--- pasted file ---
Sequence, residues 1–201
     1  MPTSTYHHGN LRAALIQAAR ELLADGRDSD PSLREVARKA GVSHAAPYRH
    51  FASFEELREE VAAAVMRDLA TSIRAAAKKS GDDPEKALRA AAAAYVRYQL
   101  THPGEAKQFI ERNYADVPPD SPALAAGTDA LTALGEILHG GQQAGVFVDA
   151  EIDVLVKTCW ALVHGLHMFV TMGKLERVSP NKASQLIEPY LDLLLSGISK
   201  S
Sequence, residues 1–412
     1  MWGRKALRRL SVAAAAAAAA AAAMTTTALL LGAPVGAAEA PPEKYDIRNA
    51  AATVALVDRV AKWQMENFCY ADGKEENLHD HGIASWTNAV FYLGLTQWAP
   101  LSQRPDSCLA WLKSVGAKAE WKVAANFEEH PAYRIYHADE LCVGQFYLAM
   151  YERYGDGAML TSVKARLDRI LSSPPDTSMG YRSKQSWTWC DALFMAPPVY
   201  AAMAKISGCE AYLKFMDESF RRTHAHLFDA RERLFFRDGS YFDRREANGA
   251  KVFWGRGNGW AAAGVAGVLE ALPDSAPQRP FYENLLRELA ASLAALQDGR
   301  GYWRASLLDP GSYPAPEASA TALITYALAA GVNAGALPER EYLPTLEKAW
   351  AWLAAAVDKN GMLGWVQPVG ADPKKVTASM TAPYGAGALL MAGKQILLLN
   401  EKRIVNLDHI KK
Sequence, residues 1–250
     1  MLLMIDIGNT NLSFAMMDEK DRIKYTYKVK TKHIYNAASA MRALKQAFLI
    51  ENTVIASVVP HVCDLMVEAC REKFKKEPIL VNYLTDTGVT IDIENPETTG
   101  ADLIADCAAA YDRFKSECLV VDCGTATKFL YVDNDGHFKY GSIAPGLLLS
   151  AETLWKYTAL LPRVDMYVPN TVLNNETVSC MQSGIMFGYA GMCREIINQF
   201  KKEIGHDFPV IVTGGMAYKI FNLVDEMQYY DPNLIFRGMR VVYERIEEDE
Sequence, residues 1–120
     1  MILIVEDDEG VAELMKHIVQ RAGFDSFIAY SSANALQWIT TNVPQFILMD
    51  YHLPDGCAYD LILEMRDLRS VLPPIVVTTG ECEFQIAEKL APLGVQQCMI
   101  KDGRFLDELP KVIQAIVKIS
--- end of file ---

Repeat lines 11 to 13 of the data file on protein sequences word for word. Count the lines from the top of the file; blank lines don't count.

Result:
   151  YERYGDGAML TSVKARLDRI LSSPPDTSMG YRSKQSWTWC DALFMAPPVY
   201  AAMAKISGCE AYLKFMDESF RRTHAHLFDA RERLFFRDGS YFDRREANGA
   251  KVFWGRGNGW AAAGVAGVLE ALPDSAPQRP FYENLLRELA ASLAALQDGR